Using a statistical method, we examined the time of emergence (ToE), which was defined as the year when the global mean surface temperature (GMST) trend exceeds the trend explained by internal variability, using 33 Coupled Model Intercomparison Project Phase 5 (CMIP5) climate models for 1861–2100. We found that the GMST trend explained by internal variability showed minimal changes even though the GMST trend rapidly increased under the Representative Climate Pathway 8.5 scenario. However, there was large intermodel diversity for the ToEs in CMIP5 climate models. The intensity of Arctic amplification was closely associated with intermodel diversity of the ToEs. A significant difference in the amount of Arctic sea ice extent during the reference period (1861‐1910) played a role in determining whether there was slow or fast simulation of the ToE in CMIP5 climate models. We argue that a slow or fast ToE is influenced by how the climate models initially simulate the sea ice extent during the reference period.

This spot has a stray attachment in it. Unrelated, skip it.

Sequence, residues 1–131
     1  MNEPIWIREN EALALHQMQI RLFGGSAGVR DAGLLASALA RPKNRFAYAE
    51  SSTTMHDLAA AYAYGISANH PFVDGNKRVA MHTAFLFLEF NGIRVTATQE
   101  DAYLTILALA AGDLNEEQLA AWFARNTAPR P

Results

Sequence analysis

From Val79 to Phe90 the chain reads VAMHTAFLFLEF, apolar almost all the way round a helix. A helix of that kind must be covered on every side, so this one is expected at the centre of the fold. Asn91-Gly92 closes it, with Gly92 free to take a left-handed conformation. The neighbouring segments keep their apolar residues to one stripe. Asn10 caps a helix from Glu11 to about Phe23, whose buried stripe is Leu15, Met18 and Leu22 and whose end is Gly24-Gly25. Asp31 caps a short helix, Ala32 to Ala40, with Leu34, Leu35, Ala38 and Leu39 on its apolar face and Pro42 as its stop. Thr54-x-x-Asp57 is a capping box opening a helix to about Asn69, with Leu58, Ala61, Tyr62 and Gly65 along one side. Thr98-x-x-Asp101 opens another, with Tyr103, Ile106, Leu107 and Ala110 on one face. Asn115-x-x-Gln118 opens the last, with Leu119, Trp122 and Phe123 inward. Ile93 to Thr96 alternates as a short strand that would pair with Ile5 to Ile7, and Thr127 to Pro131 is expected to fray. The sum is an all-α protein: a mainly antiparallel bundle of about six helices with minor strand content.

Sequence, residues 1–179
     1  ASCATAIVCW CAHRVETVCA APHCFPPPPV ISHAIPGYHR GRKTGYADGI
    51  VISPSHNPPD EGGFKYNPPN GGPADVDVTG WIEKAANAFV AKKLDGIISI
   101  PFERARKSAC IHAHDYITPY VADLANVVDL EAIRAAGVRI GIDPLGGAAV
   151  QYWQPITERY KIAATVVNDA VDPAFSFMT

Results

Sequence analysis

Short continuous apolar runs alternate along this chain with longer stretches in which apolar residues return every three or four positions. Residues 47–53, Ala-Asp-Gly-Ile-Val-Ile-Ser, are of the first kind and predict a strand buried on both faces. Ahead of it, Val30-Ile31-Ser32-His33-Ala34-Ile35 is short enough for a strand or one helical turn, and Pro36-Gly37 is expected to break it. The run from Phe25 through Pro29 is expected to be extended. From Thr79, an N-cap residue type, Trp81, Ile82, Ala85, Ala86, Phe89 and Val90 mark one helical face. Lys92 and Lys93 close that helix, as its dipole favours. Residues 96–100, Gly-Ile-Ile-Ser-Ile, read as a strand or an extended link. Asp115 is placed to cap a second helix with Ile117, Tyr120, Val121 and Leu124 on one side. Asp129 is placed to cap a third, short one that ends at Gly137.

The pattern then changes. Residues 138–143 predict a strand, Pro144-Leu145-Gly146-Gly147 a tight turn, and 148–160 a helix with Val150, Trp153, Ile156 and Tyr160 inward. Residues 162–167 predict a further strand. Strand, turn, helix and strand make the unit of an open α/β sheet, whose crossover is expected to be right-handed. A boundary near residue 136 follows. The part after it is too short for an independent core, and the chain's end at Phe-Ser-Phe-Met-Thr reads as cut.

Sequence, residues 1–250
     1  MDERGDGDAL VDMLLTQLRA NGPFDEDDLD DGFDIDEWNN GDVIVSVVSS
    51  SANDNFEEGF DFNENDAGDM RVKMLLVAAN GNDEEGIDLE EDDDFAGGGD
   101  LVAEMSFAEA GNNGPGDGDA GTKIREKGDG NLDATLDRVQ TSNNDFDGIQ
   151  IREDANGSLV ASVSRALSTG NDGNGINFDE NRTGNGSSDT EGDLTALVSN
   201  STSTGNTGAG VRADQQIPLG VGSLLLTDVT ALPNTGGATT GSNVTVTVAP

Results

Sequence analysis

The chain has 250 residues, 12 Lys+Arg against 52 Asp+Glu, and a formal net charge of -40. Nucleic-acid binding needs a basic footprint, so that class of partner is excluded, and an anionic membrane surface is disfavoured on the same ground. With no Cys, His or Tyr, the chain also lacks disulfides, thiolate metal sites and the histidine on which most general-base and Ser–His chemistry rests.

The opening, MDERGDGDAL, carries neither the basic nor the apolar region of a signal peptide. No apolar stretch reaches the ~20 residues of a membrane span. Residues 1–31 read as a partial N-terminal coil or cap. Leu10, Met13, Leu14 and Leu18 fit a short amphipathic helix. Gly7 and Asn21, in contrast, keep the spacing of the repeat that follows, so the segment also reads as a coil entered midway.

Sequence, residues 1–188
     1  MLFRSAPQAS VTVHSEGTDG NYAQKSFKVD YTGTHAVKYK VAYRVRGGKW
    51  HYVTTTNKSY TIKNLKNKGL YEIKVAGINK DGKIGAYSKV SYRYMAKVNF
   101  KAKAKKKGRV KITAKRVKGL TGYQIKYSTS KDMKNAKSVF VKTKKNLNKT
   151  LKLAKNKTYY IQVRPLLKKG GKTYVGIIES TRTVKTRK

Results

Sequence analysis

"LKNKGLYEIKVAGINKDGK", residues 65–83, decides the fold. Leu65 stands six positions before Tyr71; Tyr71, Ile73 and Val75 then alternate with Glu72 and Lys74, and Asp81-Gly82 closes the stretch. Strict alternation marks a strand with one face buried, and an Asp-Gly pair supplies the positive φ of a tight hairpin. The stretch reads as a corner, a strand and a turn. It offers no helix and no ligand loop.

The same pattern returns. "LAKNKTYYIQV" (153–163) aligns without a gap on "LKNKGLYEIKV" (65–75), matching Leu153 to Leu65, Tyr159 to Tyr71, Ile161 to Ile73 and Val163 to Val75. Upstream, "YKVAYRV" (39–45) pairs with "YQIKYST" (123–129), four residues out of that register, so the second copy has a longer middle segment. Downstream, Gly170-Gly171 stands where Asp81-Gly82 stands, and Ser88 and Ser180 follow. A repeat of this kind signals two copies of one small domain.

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Hyun Seung‐Hwon, Yeh Sang‐Wook, Song Se‐Yong, Park Hyo‐Seok, Ben P. Kirtman. Understanding intermodel diversity when simulating the time of emergence in CMIP5 climate models. Geophysical Research Letters, Volume 47, Issue 17, 16 September 2020, e2020GL087923. https://doi.org/10.1029/2020GL087923